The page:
« This appears to be the first case in Canada where a hospital has actually fought with a patient to take him off life support, » Kravetsky told Haaretz last month. « Other cases haven’t gone this far because the family has given in and the patient has died. »

    After a hearing on January 11, 2008, Justice Schulman allowed Kravetsky to refile edited versions of these affidavits so they could be admissible as evidence.

    In his affidavit, Dr. Zacharowicz said that even according to entries in Golubchuck’s medical chart made before December 11, « There is no evidence whatsoever that he is brain dead, close to brain dead, or dying, from a neurological point of view. »

    Zacharowicz concluded, « The decision of any medical professional to disconnect this clearly alive patient – whom medical records indicate is returning neurologically to his baseline, pre-admission clinical condition – is incomprehensible to me. »

    Justice Schulman will be allowing lawyers for the hospital to cross-examine Rosenblatt and Zacharowicz on their affidavits and to file additional affidavits in response. He has not made any final ruling in the case.

    Lawyers for the hospital maintain that it is the sole right of the team of physicians to decide when to withdraw life support, and that this decision ought not to be in the hands of the courts.

    On January 30, Manitoba’s College of Physicians and Surgeons released new guidelines that became effective February 1. They state that the final decision to pull the plug on a patient lies with the physician.

    The guidelines say that the minimum goal of life sustaining treatment is for patients to recover to a level at which they are aware of themselves, their environment and their existence.

    In the event a physician and a family do not agree as to whether the minimum goal has been met, the guidelines provide that the treating physician must consult with one other physician and then communicate the decision to the family.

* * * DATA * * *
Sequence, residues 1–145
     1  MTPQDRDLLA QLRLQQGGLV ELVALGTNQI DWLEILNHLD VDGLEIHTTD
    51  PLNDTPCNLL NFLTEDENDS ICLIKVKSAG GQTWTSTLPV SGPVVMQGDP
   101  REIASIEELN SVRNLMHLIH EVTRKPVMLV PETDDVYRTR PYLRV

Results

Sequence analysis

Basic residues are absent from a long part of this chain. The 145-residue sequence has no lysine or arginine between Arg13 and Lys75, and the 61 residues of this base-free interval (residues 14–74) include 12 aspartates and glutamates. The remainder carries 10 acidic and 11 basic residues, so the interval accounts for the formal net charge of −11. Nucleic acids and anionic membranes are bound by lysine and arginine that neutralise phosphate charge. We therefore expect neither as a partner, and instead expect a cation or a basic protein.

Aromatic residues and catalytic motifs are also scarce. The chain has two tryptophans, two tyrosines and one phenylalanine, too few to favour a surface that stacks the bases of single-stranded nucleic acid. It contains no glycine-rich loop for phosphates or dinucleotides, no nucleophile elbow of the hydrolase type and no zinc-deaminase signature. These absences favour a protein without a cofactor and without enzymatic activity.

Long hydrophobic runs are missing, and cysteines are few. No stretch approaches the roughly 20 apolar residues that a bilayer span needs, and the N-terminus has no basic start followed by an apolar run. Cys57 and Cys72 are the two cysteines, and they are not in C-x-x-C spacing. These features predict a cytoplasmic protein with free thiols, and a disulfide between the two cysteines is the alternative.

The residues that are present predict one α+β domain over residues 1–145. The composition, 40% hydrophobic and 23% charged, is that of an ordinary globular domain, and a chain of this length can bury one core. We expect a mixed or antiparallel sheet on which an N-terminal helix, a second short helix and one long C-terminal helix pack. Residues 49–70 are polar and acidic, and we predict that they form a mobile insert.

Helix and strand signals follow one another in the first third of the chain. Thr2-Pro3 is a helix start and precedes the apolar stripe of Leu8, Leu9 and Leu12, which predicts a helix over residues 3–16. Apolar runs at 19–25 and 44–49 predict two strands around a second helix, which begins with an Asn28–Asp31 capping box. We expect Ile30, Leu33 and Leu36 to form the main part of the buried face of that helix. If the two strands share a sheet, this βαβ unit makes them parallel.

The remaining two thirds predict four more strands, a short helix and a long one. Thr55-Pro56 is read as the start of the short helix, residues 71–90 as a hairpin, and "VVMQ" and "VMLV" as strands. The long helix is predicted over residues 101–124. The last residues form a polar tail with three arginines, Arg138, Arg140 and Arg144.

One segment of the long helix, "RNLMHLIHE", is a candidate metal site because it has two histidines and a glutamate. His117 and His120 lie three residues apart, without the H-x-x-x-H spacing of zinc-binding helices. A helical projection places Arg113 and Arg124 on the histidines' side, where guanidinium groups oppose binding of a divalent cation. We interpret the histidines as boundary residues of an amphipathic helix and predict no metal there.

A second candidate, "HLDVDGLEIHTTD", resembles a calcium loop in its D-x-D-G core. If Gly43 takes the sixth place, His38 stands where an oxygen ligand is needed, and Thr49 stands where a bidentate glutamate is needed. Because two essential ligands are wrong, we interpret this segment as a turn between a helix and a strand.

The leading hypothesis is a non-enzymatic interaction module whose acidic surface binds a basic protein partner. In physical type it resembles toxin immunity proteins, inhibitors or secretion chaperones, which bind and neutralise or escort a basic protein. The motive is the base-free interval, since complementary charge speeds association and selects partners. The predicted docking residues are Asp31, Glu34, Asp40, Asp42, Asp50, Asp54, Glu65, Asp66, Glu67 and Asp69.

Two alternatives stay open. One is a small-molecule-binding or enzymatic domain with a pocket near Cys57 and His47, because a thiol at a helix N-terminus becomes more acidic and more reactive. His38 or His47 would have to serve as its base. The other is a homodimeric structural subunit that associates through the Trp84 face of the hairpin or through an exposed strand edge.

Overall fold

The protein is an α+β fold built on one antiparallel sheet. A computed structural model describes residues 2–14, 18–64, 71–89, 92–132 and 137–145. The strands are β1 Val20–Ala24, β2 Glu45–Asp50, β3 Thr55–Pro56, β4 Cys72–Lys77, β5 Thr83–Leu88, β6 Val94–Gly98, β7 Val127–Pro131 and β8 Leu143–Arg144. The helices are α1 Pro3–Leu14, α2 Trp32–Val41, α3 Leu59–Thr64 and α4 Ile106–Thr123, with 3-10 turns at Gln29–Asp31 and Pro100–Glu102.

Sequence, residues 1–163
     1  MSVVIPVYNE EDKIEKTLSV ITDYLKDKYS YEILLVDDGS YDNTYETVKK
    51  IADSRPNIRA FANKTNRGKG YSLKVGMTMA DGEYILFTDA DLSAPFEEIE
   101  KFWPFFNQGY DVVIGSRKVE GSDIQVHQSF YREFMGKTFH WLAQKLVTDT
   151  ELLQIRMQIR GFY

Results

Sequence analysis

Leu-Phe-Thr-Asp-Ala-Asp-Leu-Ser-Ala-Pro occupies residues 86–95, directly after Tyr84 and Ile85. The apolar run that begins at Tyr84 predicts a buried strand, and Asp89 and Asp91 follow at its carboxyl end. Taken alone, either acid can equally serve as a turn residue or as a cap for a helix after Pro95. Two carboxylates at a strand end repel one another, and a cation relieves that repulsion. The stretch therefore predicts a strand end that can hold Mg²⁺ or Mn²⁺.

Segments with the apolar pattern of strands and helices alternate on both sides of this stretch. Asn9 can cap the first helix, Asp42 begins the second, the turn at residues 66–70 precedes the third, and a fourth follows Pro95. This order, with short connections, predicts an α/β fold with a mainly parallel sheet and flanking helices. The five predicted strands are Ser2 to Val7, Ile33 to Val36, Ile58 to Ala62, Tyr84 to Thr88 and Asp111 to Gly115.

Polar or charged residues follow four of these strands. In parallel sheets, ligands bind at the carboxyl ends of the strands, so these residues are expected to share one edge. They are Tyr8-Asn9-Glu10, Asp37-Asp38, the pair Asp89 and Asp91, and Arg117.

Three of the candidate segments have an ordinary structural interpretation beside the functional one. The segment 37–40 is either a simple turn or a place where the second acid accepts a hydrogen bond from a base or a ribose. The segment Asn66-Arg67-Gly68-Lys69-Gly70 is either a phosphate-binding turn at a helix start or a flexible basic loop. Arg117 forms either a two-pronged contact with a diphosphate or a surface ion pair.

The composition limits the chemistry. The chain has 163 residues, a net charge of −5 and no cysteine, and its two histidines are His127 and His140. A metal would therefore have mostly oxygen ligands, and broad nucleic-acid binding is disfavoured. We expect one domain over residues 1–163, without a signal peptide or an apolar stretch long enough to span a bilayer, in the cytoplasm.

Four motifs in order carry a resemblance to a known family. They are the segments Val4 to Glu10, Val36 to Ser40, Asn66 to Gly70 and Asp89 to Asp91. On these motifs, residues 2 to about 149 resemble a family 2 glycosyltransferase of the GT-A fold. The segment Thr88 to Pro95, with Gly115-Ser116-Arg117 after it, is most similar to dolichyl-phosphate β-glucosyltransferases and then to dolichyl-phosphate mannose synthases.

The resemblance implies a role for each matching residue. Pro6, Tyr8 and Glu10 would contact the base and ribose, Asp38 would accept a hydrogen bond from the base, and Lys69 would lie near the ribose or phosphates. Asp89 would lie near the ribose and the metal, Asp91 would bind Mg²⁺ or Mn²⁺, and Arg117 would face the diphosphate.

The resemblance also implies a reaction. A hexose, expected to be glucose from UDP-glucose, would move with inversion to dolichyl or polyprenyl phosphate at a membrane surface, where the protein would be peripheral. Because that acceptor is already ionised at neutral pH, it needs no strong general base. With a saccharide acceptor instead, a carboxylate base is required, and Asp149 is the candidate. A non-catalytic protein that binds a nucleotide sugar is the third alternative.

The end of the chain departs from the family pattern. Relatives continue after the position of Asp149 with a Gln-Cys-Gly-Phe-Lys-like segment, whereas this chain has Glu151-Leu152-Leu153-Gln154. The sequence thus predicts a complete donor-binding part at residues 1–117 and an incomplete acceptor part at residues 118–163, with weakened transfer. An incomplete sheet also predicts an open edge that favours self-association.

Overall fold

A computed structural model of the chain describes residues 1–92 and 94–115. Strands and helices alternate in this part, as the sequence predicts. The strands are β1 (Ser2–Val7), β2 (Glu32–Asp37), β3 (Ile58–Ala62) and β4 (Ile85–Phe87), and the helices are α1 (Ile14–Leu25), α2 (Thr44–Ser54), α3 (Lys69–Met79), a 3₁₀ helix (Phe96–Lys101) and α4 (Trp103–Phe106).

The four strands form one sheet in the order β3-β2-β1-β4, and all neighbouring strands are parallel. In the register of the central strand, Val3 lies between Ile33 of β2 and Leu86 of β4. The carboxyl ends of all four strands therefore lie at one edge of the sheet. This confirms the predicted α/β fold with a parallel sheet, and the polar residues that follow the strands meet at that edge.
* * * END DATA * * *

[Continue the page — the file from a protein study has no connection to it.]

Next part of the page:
In the event that a patient could achieve the « minimum goal » but the physician concludes treatment should be withdrawn anyway, the physician must provide the patient’s family written or verbal notice 96 hours before life support is stopped.

    Kravetsky called the new guidelines « terrible. »

    « It’s extremely suspicious that after taking three years to prepare these guidelines, the college would release them now and direct doctors to follow them immediately when the court is ruling on this very issue, » he said.

  12. 12
    James Hill Says:

    There has been an interesting and unexpected corollary to this story. The man is recovering!


  13. 13
    Joanne Says:

    This is the end result of what Socialized Medicine will do to humanity. People are duped into thinking it is a panacea for high insurance cost or lack of insurance, that Big Government will take care of everyone, but it is simply another method that Government controls the lives of ordinary citizens, and end them, if it suits. It won’t be long before Canada mandates that you really don’t need that heart you have, or your corneas, since you are over 60, or that you don’t need to be hospitalized because you won’t be productive once cured… sounds Orwellian, but medical decisions like that are just around the corner. Consider the mental anguish the Golubchucks must endure, the feeling of hopelessness. Rationing health care is something you voted on, vote it out. You may find you have no control over who is allowed to live, or even, who is deemed worthy of any treatment. Wake up Canada!

  14. 14
    Beavis Shumaker Says:

    Praise Jesus! He is recovering! No, no, I’m kidding, everything that said he was recovering, was from around Feb 2008, and was all info supplied from the family. It is now June 22nd, and he is not recovering. I know people that are ‘working’ with him, and they say it’s ridiculous. He’s now on 24/hr a day dialysis as well. He basically has machines operating/circulation blood, air, waste, etc. He needs people constantly monitoring all the equipment, as well as people to turn or clean him, so he doesnt develop skin irritations or infections. And he is not in some retirement center, he is taking a bed in the ICU. His medical bills, if the family were paying them, would have easily totalled a half-million since November. Seriously, WTF!? « do the doctors and the hospital have the right to hasten his death? » He IS dead! I mean really, why not go to WalMart, pick up a RoboSapien, skin this guy, and taxidermy it to the robot, hand over the remote to the family and say, ‘There you go! As long as you keep a couple AA batteries on hand, he’ll be alive forever!’

  15. 15
    shirley Says: